Carlton Cinema Development

Re: Carlton Cinema Development

Postby marmajam » Fri Aug 14, 2009 9:24 am

and that's just the prose
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Re: Carlton Cinema Development

Postby OisinT » Fri Aug 14, 2009 12:55 pm

So I wonder what would be likely to replace Dublin Bus HQ then if there is no historic townhouse?
I actually quite like the modern meets old look in general and I think it's done well on OCS... they just need to raise the standard of care of the buildings and do something about the signage ... and in my opinion give Dr. Quirkey's the boot.
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Re: Carlton Cinema Development

Postby Yixian » Fri Aug 14, 2009 1:14 pm

http://www.irishtimes.com/newspaper/ireland/2009/0814/1224252551593.html

AN TAISCE has called on Minister for the Environment John Gormley to reprimand Dublin City Council for granting permission for the high-rise Carlton development in contravention of statutory plans.

This follows a decision by An Bord Pleanála earlier this week to reject a large number of elements of Chartered Land’s scheme for the 5.5-acre site centred on the old Carlton cinema on O’Connell Street.

The development was approved by the council last December but was appealed to An Bord Pleanála. The board has yet to make its final decision on the project but wrote to Chartered Land last Monday advising that a number of elements were unacceptable.

Chief among these was a 13-storey building topped by a “park in the sky” which the board has told the developers to “omit”. It has also advised them to reduce demolition, reduce heights and use more traditional materials.


It was mentioned on the previous page that these plans would have done a lot of damage to the historic architecture on street level, and that's obviously unacceptable, but it's sad to see the "park in the sky" idea get so much flak and be basically written off.

Image

The glass and boarding of the two buildings on OCS look pretty meh, but the park looks fun, the view would be great and it's a novel idea at least.
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Re: Carlton Cinema Development

Postby OisinT » Fri Aug 14, 2009 1:16 pm

I disagree, I think the class building at least around the carlton is a vast improvement on what is there presently and would love to see that go ahead at least and worry about some of the other stuff later. e.g. the slope part can be designed and built at a later time
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Re: Carlton Cinema Development

Postby ac1976 » Fri Aug 14, 2009 2:38 pm

OisinT wrote:I disagree, I think the class building at least around the carlton is a vast improvement on what is there presently and would love to see that go ahead at least and worry about some of the other stuff later. e.g. the slope part can be designed and built at a later time


ACA designation would usually mean that there is no need to improve what is there at the moment and makes preservation obligitory.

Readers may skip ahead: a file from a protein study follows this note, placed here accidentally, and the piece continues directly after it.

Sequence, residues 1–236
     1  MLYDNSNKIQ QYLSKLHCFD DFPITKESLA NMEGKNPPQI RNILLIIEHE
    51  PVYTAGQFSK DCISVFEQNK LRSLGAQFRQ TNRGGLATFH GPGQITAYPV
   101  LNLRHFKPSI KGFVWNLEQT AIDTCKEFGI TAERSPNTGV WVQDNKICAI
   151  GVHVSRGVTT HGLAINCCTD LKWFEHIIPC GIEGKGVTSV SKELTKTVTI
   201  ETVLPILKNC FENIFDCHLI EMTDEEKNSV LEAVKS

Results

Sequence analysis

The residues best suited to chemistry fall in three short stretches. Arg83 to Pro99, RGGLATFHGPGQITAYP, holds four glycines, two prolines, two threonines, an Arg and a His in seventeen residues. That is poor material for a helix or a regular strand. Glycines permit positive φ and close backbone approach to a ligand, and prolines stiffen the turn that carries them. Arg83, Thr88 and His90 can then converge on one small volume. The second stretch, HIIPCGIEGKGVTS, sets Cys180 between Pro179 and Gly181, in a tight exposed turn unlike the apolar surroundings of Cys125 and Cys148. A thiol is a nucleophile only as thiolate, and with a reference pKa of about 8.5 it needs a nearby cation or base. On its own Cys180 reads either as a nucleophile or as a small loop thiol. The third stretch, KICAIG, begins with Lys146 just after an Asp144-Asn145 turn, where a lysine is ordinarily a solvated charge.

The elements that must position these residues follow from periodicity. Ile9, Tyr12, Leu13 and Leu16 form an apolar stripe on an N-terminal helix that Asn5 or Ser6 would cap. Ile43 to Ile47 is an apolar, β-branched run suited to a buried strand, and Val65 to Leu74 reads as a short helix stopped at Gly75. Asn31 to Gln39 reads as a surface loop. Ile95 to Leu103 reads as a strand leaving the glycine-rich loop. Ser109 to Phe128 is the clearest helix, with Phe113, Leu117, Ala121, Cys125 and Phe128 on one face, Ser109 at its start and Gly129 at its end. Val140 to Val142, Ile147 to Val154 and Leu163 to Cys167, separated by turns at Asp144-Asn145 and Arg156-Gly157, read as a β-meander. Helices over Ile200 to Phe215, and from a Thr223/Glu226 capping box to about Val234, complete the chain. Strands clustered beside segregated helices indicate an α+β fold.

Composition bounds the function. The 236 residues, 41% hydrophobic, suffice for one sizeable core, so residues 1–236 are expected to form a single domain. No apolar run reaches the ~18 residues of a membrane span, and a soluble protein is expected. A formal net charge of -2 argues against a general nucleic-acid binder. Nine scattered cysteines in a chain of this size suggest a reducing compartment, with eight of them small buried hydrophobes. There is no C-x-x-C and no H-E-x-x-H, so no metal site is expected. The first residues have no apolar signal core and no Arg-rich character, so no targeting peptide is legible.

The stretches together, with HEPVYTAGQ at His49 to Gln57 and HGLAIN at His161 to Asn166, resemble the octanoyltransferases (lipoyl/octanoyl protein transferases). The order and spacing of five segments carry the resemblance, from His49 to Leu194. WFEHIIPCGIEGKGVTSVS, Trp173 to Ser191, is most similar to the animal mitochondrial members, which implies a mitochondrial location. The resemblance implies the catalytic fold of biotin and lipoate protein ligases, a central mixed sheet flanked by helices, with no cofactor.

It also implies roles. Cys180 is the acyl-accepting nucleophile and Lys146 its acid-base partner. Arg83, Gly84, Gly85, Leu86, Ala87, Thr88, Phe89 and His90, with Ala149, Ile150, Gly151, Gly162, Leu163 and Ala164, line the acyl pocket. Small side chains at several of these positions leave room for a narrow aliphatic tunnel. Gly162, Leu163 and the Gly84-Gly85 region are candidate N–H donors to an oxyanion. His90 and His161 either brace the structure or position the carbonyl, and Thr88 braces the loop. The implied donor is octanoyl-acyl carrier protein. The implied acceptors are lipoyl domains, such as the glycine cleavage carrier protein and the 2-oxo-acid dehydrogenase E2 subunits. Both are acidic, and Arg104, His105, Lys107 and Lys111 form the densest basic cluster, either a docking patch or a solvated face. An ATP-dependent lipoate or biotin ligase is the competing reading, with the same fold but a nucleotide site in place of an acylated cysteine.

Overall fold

Is it time to remove the ACA from O'Connell Street?
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Re: Carlton Cinema Development

Postby cgcsb » Fri Aug 14, 2009 2:50 pm

The origional plan was really good. I know that it goes against the DCC developement plan but at the same time, maybe they need to get a better plan. Afterall the western side of Upper O'Connell street is awful. The sooner Dublin bus HQ is gone the better. The sooner Dr. Quirkey's is gone, the better, the sooner the old North Dublin county council offices are gone, the better, the royal Dublin hotel is gone(thank the lord). The Dublin central schem done all these things and added a new public amenity "the sky park". the whole developement reminded me of Victoria Square in Belfast which is amazing by the way. Now I fear this scheme will retire to the unbuilt Ireland section. So sad that we're so backwards :(
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Re: Carlton Cinema Development

Postby rumpelstiltskin » Fri Aug 14, 2009 3:00 pm

I'd say something if we were talking about a place with real architectural distinction, but the whole of O'Connell St. is architecturally mediocre, full of the most generic Victorian trash imaginable. It's grey, it's drab, it's soulless, it's dirty, it's bland. The best you could hope to do is actually to get more people on the upper half and add a bit of colour.
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Re: Carlton Cinema Development

Postby OisinT » Sat Aug 15, 2009 11:53 am

ac1976 wrote:ACA designation would usually mean that there is no need to improve what is there at the moment and makes preservation obligitory.

Is it time to remove the ACA from O'Connell Street?

I wasn't aware that ACA designation was placed on Fingal Co.Co., an empty space and Dr. Quirkey's... off the top of my head I'm not sure what else they were planning on demolishing there.
Plus, if what they're demolishing is a totally derelict building with ACA protection - we need to get real. Is it worth protecting if it is just going to be derelict garbage?
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Re: Carlton Cinema Development

Postby ac1976 » Sat Aug 15, 2009 12:55 pm